Of those complaints, 47 percent were against Black children, 40 percent against white children and 7 percent against Hispanic or Latino children, the report said. Around 22 percent of the state’s population is Black, 70 percent white and 10 percent Hispanic.
The arrest of the boy, who is Black, has also been seen as a case of racial discrimination in the juvenile justice system.
“When a cop picks up a white boy, he takes him to his parents. But if he is black, he takes him to the state,” Mary Stansell, juvenile chief at the Wake County Public Defender’s Office, was quoted as saying.
Therapy over criminalization
Lyana Hunter, of the New Hanover County public defender’s office, likewise argues that criminalizing children at such an early age may just change their lives for the worse, as per WECT News 6 on March 18.
“A 6-year-old … we’re talking about someone that’s in kindergarten, first grade. They don’t understand the process, they don’t understand what’s going on, they probably don’t even know their address,” Hunter was quoted as saying.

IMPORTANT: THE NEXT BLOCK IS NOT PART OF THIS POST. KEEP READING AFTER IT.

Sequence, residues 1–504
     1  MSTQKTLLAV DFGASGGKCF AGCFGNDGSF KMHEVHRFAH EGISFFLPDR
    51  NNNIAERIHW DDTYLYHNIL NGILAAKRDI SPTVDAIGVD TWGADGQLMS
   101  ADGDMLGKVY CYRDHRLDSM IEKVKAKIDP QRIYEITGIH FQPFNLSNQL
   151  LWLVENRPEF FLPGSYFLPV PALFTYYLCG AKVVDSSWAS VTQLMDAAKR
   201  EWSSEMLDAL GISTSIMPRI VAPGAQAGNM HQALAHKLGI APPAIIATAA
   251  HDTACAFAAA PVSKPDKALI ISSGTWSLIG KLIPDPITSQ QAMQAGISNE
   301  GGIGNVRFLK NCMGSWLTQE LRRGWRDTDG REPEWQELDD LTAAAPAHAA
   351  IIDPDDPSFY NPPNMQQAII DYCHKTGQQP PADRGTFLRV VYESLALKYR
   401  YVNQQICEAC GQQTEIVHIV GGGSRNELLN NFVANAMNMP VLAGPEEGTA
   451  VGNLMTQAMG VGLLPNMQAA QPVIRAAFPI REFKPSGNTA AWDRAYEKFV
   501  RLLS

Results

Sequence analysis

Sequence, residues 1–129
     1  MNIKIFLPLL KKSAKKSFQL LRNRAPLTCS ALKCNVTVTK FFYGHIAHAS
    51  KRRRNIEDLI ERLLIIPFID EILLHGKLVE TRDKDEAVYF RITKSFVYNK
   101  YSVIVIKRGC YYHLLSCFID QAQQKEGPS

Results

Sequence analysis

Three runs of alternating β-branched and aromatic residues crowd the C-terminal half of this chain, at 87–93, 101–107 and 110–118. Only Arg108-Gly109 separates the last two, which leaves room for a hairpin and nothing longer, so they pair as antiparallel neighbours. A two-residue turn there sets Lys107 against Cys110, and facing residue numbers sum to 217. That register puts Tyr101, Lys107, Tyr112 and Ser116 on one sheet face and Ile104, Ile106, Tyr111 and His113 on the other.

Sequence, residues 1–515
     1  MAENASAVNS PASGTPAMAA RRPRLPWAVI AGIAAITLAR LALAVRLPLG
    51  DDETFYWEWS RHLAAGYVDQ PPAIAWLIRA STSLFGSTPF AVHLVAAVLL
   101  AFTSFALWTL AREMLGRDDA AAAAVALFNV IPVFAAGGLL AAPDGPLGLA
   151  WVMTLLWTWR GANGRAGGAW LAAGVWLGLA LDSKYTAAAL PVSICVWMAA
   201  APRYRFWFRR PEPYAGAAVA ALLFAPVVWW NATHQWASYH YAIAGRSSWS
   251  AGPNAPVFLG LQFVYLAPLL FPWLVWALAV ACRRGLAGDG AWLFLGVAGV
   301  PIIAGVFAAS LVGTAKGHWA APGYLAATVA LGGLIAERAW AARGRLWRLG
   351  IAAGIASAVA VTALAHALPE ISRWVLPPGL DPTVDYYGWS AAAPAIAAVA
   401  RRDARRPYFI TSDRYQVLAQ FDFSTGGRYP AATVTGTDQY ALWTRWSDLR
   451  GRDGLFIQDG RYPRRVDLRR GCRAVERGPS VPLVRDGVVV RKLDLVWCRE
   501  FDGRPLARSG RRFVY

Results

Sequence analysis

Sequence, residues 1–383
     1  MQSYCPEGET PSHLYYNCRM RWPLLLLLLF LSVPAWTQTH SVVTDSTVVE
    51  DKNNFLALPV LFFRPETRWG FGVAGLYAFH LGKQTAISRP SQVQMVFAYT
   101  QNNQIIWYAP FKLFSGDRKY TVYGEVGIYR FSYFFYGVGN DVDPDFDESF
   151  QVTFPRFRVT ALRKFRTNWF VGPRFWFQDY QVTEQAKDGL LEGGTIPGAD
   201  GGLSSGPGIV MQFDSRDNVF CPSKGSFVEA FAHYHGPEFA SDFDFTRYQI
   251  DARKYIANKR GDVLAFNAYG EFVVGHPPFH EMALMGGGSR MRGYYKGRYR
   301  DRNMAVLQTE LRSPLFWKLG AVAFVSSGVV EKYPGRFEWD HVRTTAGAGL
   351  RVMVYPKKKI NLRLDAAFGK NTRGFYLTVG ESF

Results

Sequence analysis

“The earlier that you introduce a child to the criminal justice system, the higher the chances are that they will remain in the criminal justice system,” she stressed.
Hunter, who has been representing juveniles for 14 years now, noted that the behavior that sends children under 12 years old to juvenile court is better addressed in therapy.
At 6 years old, North Carolina has the lowest minimum age in the world to enter the juvenile justice system, the report said. There are efforts, however, being done to raise the minimum age to 10 years old.
The 2020 North Carolina Task Force for Racial Equity in Criminal Justice in the US report, meanwhile, recommends raising the age to 12, while the National Juvenile Justice Network recommends further raising the age to 14. Ian Biong /ra